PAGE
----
Small businesses getting priced out of the capital

More flexible workspace must be found to prevent small and medium-sized businesses from quitting the capital, the London Assembly has warned.

In a report published today, called Helping SMEs to thrive, the Assembly’s economy committee calls on mayor Sadiq Khan to work with local authorities to create more affordable workspaces.

It says that providing targeted support to SMEs will be ‘integral’ to the continued success of London’s economy, particularly as SMEs make up more than 99% of all the firms in the capital and generate 48% of all business turnover.

New SMEs are drawn to London because of the national/international connections, transport links and business environment. But London has the highest rate (10%) of all the regions in the UK for business failures, and one of the reasons why SMEs can struggle in London is the lack of affordable workspace.

According to the report, 16% of industrial land in London was lost between 2001 and 2015. If this trend continues, the capital could lose a third of its industrial land by 2041.

The loss of workspace has been ‘exacerbated’ in some areas by permitted development rights, which make it easier for developers to convert offices into homes and flats.

Research by the GLA shows that prior approval to convert almost 1.5 million square metres to office space to residential units has been given since 2013.

The chief executive of the Wimbletech Community Interest Company, David Fletcher shares his experiences in the report of working with local authorities to make smarter use of existing office space, in libraries, for example.

‘Within two to three weeks, we had opened the space,” said Mr Fletcher. ‘We had a whole manner of different people. You get this beautiful ecosystem and you get that curation of a network in that immediate space.’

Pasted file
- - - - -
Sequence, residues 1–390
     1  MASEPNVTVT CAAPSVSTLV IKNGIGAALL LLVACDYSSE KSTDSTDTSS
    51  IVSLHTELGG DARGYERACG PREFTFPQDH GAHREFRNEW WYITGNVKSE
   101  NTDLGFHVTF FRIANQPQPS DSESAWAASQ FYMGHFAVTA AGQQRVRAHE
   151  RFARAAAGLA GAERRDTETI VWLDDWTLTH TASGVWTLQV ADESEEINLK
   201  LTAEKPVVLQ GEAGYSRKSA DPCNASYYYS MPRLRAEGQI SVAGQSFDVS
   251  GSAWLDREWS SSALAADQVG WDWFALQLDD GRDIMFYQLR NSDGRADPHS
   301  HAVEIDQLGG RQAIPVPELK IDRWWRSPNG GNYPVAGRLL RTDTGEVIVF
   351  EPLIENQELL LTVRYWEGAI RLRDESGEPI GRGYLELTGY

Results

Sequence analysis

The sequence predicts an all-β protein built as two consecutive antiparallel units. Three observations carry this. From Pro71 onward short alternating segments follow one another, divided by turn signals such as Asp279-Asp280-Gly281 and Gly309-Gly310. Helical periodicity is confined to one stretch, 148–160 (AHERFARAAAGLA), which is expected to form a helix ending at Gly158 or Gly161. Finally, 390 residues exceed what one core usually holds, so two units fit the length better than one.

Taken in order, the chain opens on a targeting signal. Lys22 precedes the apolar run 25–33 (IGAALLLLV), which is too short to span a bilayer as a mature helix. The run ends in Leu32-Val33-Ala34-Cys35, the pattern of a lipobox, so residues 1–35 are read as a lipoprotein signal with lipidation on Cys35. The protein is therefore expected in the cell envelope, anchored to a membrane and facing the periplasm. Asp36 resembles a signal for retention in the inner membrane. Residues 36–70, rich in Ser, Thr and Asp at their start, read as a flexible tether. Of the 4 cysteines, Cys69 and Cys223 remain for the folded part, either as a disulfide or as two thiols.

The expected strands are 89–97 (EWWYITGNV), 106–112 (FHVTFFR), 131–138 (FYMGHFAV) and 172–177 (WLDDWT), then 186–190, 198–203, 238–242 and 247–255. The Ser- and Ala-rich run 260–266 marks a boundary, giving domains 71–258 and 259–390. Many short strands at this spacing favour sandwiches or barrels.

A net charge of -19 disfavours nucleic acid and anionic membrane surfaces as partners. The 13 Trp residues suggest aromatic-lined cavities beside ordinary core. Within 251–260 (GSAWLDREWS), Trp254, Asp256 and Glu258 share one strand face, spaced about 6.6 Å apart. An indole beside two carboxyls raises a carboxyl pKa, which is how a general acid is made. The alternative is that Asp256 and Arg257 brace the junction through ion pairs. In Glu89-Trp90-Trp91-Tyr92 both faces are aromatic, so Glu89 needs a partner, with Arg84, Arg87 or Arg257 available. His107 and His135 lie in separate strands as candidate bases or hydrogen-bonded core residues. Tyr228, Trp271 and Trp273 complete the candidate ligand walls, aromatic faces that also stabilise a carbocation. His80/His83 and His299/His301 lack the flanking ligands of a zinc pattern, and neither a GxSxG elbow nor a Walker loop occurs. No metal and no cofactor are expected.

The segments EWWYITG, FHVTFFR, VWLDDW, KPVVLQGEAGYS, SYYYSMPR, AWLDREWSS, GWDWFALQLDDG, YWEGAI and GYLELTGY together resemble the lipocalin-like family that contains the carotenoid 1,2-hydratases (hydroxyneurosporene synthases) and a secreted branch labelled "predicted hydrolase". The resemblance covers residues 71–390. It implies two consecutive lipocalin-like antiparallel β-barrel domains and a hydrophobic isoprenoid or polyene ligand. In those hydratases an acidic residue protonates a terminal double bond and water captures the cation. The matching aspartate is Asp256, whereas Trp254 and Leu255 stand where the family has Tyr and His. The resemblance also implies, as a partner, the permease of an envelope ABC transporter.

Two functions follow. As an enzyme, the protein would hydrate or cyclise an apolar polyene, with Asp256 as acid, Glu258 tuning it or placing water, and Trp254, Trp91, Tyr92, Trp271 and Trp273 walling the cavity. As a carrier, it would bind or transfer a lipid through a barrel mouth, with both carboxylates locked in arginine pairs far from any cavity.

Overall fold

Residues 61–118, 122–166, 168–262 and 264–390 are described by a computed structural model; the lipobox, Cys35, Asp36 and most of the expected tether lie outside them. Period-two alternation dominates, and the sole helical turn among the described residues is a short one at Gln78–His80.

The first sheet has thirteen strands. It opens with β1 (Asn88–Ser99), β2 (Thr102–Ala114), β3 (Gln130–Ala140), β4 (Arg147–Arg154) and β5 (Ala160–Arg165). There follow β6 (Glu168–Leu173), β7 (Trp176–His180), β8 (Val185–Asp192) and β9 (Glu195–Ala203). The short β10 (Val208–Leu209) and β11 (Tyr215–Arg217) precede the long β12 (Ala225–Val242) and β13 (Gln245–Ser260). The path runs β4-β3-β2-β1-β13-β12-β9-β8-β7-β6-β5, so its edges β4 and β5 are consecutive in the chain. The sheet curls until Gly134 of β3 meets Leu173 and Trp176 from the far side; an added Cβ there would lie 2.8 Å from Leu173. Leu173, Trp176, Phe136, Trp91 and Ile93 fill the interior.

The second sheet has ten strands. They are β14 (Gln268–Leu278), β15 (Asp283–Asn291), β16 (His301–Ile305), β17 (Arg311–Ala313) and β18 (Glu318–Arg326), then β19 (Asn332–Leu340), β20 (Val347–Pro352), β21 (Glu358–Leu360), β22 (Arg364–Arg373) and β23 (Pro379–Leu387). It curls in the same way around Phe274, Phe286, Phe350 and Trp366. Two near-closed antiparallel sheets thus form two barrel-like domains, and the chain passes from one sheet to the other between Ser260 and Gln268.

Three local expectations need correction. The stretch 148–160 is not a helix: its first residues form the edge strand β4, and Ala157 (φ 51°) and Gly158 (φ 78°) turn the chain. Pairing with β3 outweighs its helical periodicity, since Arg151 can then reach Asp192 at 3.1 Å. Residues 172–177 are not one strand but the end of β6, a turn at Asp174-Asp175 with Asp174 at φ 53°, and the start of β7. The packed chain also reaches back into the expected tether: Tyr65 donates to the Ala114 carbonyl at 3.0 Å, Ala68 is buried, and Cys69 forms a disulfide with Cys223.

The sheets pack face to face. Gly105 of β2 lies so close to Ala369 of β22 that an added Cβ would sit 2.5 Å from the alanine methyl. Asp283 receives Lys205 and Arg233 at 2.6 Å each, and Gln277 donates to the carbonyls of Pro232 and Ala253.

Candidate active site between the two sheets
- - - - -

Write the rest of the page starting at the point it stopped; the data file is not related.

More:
SMEs are also under increased pressure in London because of high operating costs.

According to the Institute for Public Policy Research, rents for new, grade A office space have risen by up 70% in the West End and 35% in the City of London since 2009.

Business rate rises are threatening start-ups and small firms, with some companies facing increases of 20%. Although some London boroughs are helping SMEs, such as Croydon, where any SME that signs up to the council’s good employer scheme gets a one-off discretionary grant to reduce their business rates bill.

The report also recommends that the London mayor commission research into assessing which types of business are leaving London, and assess the impact on the local communities where they have moved on.

It says that the mayor should look at how London can better meet the needs of businesses.

‘SMEs are the life blood of London’s economy and our local communities,’ said report author, Fiona Twycross.

‘Yet, they are struggling to find workspace that is flexible, affordable and well-located.

‘The mayor of London needs to address this use to ensure the continued success of this city,’ added Ms Twycross.

‘We need concrete proposals to maximise affordable workspace and to fully understand why SMEs are leaving London. The voices of micro and small businesses must be heard when it comes to shaping the city.’


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